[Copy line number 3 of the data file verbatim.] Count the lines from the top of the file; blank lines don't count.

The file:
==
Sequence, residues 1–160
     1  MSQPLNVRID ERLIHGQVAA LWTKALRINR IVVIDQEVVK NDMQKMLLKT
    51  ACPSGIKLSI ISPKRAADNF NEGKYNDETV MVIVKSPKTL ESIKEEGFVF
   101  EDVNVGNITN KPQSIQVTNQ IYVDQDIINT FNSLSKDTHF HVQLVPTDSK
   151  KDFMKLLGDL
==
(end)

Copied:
    51  ACPSGIKLSI ISPKRAADNF NEGKYNDETV MVIVKSPKTL ESIKEEGFVF